Seismologists from SMU plan to install equipment in Irving Monday after a recent rash of minor earthquakes around Highways 114 and 183 – near the old Texas Stadium site and the city’s only producing gas well.
Irving City Manager Chris Hillman says it was time to call in the experts.
“The frequency seems to have increased over the past month, month-and-a-half," Hillman says. "So therefore we’re asking the experts from SMU to come in and help assist. They’re going to be bringing in some additional equipment to help monitor and get more information if another earthquake were to occur.”
Hillman says SMU seismologists will update the city on the new monitoring and what to anticipate at the Jan. 15 City Council meeting. He expects the City Council chambers will be packed with northeast Irving residents who’ve felt the ground shaking a lot recently.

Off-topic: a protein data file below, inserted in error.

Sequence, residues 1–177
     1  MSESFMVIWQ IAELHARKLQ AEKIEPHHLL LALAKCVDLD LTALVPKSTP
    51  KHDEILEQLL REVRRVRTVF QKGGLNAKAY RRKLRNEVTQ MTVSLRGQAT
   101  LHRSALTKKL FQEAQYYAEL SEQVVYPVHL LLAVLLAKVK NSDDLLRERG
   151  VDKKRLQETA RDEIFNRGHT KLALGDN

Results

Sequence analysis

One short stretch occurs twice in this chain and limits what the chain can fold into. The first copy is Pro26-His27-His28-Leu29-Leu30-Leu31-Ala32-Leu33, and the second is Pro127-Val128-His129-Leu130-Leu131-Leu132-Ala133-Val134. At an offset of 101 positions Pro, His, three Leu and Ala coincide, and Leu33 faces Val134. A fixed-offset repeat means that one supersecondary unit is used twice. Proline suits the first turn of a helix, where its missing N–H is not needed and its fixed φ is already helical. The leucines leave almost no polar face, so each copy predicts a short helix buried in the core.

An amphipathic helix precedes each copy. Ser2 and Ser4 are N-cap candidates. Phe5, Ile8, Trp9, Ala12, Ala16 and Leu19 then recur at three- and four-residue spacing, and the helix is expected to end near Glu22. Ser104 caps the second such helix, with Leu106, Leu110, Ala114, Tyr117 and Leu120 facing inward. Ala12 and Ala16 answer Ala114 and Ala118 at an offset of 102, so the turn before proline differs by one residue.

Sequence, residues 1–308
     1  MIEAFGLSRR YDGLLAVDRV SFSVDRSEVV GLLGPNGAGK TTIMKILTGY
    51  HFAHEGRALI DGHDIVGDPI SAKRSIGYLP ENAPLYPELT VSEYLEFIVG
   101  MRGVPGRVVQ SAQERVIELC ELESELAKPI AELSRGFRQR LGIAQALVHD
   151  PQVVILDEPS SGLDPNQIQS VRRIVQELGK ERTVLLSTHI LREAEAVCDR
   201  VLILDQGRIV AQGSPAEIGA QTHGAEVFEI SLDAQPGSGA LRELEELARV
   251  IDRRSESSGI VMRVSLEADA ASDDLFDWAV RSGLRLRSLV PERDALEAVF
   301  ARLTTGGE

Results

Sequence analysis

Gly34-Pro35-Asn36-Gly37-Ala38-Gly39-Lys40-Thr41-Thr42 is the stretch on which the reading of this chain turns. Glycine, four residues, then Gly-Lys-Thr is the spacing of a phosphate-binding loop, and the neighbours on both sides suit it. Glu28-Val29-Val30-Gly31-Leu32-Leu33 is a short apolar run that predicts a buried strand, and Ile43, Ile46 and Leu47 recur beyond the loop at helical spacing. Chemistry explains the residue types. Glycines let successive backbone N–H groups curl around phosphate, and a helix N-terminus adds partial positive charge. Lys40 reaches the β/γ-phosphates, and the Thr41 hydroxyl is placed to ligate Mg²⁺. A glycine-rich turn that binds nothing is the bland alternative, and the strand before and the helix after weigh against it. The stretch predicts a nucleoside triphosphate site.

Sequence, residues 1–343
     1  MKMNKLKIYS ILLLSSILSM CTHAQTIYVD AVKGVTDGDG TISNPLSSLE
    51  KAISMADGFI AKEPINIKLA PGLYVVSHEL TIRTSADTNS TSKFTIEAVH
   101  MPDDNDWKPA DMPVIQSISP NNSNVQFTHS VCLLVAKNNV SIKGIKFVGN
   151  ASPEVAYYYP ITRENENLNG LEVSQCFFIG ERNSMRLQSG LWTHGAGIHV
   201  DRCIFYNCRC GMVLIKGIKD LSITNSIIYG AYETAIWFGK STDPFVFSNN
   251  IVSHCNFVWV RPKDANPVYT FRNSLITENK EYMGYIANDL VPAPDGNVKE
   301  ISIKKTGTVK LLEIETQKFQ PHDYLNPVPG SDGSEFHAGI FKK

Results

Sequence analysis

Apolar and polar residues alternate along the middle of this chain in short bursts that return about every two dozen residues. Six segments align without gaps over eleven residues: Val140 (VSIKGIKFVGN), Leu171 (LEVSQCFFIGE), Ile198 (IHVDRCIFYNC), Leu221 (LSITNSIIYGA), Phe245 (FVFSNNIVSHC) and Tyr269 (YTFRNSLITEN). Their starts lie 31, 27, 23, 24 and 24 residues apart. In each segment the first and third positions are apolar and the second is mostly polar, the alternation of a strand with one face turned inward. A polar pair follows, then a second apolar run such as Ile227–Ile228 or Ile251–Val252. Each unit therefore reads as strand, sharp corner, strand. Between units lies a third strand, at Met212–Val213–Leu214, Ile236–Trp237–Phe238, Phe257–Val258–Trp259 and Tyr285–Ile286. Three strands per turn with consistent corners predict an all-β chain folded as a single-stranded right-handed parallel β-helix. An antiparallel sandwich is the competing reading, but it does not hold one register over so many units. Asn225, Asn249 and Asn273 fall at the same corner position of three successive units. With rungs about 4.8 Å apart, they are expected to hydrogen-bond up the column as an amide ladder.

“We understand their questions," Hillman says. "And we understand their concerns. And the city is being very proactive in bringing in the folks that know and understand those issues to help give us the information that we need. The well-being and safety of our residents in paramount."
There have been several small earthquakes over the past three months.
SMU experts are also monitoring activity in the Azle area, where there's been a swarm of quakes. The quakes in and near Azle are considered relatively small, but they’ve been large enough to cause damage and raise alarm. Both the mayors of Reno and Azle believe there is a link to the disposal wells from oil and gas drilling in the area.
An answer to what’s causing the earthquakes in Azle and Irving is not expected anytime soon.
Learn more: KERA earthquake coverage
KERA has been exploring the North Texas earthquakes in recent months. Here's a look at some of our recent coverage.